AFTER being inundated with requests from readers outside the five mile golden radius of the beating heart of Gazetteshire who don’t get to see my column in the paper (well, two anyway) here by popular demand is Tuesday’s Big Picture post-mortem…
CHAIRMAN in “town full of Mackems” Stockton own goal future misquote shocker!
SO BORO’S slow-motion car crash of a season skidded and spluttered to a half-hearted halt at Upton Park; the Riverside Revolution twocked by bean-counters, downsized from a gas-guzzling flash bright red sports number to a humdrum family hatch-back with little power but better value for money before being left rusting on the drive with a felt-tipped notice in the rear window “for spares or repair”. Sad. But inevitable.
SO. An unprecedented golden age of 11 years Cardiff glory and European adventure now boils down to one jigsaw finale when all the pieces must fall in place or the picture will be a bleak one of broken dreams and bitter recrimination.
RELEGATION looms and tetchy Teesside is gripped with dark fears of impending administration. Bulkhaul is bust! The banks are coming with a big truck to repossess Mido! They will padlock the gates again! The ÃÂ£200 a time gold plated taps in the seven star hotel are dragging us down to oblivion! Oh no, we are all going to die!
WELL that’s the financial strategy underpinning the summer reshuffle fractured. Asset in chief Stewart Downing has a broken foot and will be sidelined throughout the close season shopping frenzy, which torpedoes Boro’s plans to use his transfer fee to rebuild.
Initially the post match assessment was that his injury – inflicted by an unpunished heavy challenge from behind – wasn’t as bad as first feared. When he was stretchered off the press box speculation was a trendy metatarsel or more old school ankle ligaments but after the game Stewie hadn’t been rushed to hospital, he had watched the game from the dug-out and afterwards was zipping around on crutches and although he was clearly “knacked” and ruled out for West Ham he seemed upbeat and positive.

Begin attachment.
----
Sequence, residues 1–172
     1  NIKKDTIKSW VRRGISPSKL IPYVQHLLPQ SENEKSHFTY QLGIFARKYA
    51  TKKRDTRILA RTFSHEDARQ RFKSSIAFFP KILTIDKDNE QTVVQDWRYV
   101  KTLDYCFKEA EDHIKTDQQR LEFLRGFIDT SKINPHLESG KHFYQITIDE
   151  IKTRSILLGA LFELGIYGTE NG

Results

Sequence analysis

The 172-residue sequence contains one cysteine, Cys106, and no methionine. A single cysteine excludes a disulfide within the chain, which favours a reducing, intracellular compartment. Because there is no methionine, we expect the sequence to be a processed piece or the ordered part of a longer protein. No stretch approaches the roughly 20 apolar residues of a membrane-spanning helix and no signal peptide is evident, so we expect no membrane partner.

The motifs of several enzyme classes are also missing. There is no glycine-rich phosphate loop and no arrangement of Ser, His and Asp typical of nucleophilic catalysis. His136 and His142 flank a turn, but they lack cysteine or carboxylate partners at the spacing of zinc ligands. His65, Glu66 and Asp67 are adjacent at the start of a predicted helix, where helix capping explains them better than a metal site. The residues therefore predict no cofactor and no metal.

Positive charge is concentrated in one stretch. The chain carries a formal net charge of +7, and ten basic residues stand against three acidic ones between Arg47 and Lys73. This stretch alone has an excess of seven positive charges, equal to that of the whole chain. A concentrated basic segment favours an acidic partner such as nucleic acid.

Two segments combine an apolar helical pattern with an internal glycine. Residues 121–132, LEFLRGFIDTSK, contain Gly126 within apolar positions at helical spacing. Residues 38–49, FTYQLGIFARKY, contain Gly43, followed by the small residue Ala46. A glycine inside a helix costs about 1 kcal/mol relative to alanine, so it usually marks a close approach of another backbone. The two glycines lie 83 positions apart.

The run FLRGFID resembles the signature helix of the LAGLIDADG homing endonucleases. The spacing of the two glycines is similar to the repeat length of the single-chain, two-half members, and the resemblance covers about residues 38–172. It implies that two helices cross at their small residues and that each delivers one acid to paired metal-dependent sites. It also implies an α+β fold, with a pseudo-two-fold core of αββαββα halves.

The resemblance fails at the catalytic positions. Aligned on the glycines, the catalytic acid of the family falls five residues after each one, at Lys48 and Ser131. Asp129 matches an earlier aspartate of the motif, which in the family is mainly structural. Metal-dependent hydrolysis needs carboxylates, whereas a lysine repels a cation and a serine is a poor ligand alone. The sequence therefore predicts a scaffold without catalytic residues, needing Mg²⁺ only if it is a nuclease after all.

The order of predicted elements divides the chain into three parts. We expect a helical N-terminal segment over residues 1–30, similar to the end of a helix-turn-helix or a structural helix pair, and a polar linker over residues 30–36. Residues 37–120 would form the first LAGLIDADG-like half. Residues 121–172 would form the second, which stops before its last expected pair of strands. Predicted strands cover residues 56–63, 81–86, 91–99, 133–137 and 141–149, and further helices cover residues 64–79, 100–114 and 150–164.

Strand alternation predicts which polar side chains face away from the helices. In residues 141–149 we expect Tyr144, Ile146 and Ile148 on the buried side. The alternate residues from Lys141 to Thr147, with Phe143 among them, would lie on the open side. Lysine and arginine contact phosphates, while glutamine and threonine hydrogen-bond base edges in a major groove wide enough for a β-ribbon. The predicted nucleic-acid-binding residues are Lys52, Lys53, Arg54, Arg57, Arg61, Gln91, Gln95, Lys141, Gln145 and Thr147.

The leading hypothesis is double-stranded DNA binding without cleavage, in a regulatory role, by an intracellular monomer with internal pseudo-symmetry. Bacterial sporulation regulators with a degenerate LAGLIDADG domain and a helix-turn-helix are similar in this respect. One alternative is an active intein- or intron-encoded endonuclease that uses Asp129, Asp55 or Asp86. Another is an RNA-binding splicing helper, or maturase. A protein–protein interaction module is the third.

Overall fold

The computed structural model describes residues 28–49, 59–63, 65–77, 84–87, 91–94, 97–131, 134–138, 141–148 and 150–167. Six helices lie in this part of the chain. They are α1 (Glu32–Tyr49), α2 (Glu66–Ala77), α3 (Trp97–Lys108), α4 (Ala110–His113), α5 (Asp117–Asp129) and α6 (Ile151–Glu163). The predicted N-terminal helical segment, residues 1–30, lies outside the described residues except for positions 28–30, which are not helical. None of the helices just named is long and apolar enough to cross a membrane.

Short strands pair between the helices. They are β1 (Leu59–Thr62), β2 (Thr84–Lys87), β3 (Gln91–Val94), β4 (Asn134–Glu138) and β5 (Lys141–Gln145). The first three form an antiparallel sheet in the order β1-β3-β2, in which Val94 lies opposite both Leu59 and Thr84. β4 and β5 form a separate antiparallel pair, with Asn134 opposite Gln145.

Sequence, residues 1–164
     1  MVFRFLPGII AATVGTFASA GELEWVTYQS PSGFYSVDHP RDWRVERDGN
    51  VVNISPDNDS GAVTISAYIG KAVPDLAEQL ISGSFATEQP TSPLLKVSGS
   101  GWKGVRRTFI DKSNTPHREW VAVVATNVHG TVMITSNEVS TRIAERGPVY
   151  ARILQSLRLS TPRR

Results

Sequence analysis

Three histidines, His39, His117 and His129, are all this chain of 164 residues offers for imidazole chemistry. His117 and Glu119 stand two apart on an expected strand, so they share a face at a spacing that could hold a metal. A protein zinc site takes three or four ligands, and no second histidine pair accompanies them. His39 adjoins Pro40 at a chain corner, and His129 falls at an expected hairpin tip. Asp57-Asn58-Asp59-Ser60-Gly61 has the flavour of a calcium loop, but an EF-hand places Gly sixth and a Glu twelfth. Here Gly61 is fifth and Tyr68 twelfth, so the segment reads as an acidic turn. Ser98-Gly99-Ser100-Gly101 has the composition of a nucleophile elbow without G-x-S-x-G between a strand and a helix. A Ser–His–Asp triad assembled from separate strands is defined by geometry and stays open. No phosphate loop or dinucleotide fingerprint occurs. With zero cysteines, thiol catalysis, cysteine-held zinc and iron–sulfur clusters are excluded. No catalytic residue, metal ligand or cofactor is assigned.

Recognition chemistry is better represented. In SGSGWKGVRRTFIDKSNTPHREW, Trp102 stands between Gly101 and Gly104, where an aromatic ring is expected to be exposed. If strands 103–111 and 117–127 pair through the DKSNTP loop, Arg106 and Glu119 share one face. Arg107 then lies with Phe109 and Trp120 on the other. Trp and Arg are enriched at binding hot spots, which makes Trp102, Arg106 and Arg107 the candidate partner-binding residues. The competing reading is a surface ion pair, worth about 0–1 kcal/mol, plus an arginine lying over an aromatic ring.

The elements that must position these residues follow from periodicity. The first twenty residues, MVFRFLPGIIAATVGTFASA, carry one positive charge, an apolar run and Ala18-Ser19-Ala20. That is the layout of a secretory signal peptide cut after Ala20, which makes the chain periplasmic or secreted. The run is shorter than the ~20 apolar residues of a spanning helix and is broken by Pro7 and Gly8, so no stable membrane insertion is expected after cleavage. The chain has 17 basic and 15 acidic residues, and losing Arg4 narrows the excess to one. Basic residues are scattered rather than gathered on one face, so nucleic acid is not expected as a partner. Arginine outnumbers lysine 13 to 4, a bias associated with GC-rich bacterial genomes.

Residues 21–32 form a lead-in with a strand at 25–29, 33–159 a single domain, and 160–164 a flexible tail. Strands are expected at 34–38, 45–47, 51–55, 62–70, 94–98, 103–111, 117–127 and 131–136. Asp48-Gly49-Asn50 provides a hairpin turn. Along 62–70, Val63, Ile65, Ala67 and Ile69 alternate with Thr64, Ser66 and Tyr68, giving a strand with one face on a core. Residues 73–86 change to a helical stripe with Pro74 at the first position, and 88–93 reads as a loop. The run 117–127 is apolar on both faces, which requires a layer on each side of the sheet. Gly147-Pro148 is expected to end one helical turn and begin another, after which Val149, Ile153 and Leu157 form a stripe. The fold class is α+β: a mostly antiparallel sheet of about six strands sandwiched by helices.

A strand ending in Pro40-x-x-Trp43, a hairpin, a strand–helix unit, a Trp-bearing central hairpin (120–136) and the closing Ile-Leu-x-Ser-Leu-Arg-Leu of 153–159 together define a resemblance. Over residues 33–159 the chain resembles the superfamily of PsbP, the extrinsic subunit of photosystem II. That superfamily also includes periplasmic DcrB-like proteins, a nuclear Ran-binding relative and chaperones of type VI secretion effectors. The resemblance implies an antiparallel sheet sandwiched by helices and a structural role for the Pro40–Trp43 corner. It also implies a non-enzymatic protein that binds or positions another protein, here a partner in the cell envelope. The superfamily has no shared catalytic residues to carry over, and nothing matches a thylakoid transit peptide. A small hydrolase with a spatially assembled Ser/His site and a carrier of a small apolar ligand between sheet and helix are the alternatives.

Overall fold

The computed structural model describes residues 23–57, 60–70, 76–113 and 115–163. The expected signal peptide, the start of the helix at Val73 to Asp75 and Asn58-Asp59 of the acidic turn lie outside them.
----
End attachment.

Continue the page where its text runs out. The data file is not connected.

WELL, it is still mathematically possible to get something on the last day at West Ham but the stats swung against Boro when they failed to beat Villa. It was a last chance to keep our fate in our own hands. Now it comes down to results elsewhere, goal difference and prayers.
It was deeply frustrating because in the first half Boro played with considerable zest and desire and took their fate in their own hands, scored a cracking opener and engineered a string of good openings and could maybe have sealed it… but then as so often this season they went off the boil, leaked a leveller and started to panic. By the end they had run out of steam, ideas and the institutional mental frailty had kicked in. In truth, we were lucky to get away with a point in the end.
Gareth Southgate got booed at the end and admitted it hurt but to be fair he got off lightly. That could be the end of Boro’s Golden Age of Premiership football fizzling out for the foreseeable with barely a wimper.
TODAY I am loving the defiant and proud but still harshly realistic assessment of the current situtation by Football365’s professional Boro loving rock and roll Northern Monkey John Nicholson.
I largely agree with both his poetic appraisal of both Teesside’s psycho-history and his analysis of how impending relegation will sit in the grander scheme of things. I don’t take a doomladen millenarian view that relegation is the end of the world. If anything it may dampen down some of the damaging aspects of hysterical over-expectation and inject a new sense of realism about what – and how – we can achieve.
BUGGER! That’s us needing snookers then. What a mess. Same old story: strange selections and an awkward shape, a failure to take the chances when they presented themselves, a failure to concentrate at the back, no heart, no steel, no urgency and substitutions that swung the game against us.
THREE YEARS ago we were in Eindhoven. A dramatic and memorable campaign had taken bubbling Boro to the heights of the UEFA Cup final and offered a glorious opportunity to bring an unprecedented Golden Era to a climax with a European trophy.
The Riverside years had served up trips to Wembley, world class stars playing to full houses, a major national knockout trophy at Cardiff after a fruitless century of heart-break, the longest spell in the top flight since the war and successive Euro campaigns. We had never had it so good. The world was at our feet. We had raised our profile, raised our expectations and raised the bar.
Fast forward through three stuttering seasons of down-sized ambitions and slow-motion strategic retreat and we face an even bigger watershed with far more at stake.